Distinction of NPY receptors in vitro and in vivo. II. Differential effects of NPY and NPY-(18-36)

N. A. Scott, M. C. Michel, J. H. Boublik, J. E. Rivier, S. Motomura, R. L. Crum, M. Landon, M. R. Brown

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Abstract

We have studied the hemodynamic effects of neuropeptide Y (NPY) and its COOH-terminal fragment NPY-(18-36) in conscious rats. Intra-arterial injection of NPY rapidly elevated systemic vascular resistance (SVR), which remained high for greater than 30 min. Cardiac output (CO) decreased, and it remained low for greater than 30 min. Accordingly, blood pressure rose only transiently and returned to base-line values within 5 min. The reduction of CO could be attributed to a decreased stroke volume with an only marginal reduction of heart rate. Thus a direct cardiodepressive effect of NPY rather than baroreflex activation appears to be the major cause of the reduced CO. In vitro experiments excluded the possibility that NPY has direct negative inotropic effects and suggest that its cardiodepressive action is caused by coronary vasoconstriction or by presynaptic inhibition of norepinephrine release. Intra-arterial injections of NPY-(18-36) caused different hemodynamic effects. NPY-(18-36) decreased CO in a manner similar to that seen with NPY but initially did not elevate SVR, resulting overall in a reduced blood pressure. Only later, when blood pressure was reduced, was an elevation of SVR observed, which could be associated with increased plasma levels of catecholamines, angiotensin II, vasopressin, and NPY. Thus NPY-(18-36) mimics the cardiac effects of NPY but does not elicit its vascular effects. As NPY-(18-36) discriminates between NPY receptor subtypes in vitro, we conclude that the cardiac and vascular effects of NPY are mediated by distinct receptor subtypes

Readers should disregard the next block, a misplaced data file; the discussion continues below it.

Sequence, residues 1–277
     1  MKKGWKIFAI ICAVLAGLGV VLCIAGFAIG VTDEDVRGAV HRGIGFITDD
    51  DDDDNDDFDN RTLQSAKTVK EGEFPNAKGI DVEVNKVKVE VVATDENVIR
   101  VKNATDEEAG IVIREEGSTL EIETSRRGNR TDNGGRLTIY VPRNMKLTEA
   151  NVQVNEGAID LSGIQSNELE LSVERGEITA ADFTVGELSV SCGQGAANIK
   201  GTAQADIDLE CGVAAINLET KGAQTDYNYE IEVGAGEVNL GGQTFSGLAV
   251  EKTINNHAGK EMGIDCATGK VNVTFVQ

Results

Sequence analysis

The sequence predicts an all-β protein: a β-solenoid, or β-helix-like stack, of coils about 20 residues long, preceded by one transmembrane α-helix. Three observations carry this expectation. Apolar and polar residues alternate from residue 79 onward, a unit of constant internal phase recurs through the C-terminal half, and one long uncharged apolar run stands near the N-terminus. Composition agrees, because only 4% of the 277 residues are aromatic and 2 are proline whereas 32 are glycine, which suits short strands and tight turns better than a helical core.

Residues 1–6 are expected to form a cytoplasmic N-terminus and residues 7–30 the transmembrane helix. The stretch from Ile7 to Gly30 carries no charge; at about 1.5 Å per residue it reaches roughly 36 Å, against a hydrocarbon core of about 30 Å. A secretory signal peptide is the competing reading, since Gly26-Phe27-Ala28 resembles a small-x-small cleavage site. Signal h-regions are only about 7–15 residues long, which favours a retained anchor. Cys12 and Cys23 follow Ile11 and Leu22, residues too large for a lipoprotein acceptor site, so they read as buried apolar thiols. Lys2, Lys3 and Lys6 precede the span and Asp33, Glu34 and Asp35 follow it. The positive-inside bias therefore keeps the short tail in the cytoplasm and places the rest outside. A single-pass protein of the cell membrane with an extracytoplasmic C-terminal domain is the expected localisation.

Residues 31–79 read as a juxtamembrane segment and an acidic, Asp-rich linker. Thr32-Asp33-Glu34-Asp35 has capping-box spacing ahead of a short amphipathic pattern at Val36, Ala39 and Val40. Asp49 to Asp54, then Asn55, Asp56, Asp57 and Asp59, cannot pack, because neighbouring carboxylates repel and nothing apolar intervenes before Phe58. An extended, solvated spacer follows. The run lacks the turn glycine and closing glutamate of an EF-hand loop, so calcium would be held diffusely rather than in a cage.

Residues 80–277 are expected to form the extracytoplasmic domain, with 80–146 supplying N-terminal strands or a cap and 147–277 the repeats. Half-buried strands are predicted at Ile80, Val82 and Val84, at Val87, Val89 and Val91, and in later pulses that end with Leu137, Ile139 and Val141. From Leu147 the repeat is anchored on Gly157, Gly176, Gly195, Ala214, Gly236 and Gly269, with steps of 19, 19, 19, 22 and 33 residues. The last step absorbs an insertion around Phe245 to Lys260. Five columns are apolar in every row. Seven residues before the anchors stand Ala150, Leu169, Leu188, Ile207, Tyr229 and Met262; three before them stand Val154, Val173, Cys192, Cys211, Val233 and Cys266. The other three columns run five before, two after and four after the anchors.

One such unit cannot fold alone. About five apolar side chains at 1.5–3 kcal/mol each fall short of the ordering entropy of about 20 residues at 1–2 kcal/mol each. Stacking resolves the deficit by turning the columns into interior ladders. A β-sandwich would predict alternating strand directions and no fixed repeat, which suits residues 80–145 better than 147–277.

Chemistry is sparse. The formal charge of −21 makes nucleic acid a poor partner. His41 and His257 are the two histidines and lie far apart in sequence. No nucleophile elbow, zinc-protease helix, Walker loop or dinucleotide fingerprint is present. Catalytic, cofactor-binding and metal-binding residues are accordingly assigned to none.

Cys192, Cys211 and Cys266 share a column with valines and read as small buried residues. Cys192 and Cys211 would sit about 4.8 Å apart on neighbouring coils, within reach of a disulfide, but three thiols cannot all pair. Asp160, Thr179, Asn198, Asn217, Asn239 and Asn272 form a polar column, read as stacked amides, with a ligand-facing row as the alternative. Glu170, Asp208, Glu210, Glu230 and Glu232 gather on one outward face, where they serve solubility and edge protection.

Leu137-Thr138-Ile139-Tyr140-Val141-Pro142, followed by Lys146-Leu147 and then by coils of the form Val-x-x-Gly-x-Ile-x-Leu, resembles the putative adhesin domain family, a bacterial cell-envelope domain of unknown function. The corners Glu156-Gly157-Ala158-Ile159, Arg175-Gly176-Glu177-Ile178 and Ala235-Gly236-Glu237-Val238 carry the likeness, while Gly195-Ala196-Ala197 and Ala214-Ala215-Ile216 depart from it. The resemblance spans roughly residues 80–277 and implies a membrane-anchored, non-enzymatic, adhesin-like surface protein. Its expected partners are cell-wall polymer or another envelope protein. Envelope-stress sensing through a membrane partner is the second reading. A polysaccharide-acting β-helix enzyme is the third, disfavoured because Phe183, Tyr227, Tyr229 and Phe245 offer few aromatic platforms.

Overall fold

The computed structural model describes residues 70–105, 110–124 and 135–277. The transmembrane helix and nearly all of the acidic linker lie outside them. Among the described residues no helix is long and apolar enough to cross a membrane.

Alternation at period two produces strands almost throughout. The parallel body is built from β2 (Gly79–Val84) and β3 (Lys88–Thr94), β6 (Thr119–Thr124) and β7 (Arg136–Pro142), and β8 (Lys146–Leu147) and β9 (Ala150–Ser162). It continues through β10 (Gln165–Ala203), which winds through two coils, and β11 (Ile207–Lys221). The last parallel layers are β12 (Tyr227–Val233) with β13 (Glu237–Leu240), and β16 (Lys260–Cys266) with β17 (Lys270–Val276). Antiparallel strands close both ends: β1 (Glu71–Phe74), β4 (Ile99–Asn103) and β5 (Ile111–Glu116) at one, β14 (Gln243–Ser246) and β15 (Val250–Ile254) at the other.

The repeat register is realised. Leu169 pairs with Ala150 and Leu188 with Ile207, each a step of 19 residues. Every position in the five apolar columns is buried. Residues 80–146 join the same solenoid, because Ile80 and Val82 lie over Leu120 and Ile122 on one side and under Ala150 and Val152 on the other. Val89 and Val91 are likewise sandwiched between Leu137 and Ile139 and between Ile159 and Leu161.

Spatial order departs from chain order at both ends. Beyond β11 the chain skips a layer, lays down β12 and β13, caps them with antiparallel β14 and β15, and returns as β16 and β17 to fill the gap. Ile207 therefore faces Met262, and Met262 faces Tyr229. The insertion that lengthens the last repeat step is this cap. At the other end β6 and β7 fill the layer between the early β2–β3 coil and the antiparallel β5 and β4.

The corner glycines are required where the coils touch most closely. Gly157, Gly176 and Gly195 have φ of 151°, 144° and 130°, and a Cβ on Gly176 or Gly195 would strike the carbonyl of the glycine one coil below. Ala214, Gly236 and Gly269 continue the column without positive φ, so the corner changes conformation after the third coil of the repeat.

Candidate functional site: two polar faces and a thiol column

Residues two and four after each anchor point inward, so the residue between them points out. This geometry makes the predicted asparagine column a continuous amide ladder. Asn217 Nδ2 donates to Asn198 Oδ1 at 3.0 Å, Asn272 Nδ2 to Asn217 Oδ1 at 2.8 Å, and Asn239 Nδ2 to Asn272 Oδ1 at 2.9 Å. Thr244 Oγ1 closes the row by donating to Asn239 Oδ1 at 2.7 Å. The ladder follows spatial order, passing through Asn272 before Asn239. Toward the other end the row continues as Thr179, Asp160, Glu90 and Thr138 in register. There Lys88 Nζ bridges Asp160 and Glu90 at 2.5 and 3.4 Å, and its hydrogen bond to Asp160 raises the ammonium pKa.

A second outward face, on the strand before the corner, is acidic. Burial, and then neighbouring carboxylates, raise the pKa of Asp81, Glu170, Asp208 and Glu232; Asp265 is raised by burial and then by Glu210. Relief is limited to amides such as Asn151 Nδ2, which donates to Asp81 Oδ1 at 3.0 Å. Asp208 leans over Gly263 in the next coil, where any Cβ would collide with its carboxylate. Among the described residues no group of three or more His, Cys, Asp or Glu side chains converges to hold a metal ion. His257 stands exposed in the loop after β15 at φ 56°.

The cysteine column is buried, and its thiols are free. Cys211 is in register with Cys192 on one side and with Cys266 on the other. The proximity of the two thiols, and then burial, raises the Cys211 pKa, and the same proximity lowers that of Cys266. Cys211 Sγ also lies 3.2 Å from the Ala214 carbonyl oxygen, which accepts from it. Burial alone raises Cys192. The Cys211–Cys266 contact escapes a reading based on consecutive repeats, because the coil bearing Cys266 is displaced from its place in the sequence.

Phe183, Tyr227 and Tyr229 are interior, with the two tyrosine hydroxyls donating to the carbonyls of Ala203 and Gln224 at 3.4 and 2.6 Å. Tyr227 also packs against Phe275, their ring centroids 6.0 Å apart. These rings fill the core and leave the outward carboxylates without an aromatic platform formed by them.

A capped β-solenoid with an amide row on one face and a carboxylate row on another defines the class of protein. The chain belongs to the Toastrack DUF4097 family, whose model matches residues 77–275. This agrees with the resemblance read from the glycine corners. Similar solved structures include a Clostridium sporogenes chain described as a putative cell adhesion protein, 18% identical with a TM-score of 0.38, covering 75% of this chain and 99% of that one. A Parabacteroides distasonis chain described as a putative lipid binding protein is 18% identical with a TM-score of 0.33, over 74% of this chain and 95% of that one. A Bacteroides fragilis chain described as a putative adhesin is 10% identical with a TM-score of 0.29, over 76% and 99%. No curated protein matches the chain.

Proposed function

Original languageEnglish
Pages (from-to)H174-H180
JournalAmerican Journal of Physiology
Volume259
Issue number1 Part 2
Publication statusPublished - 1990

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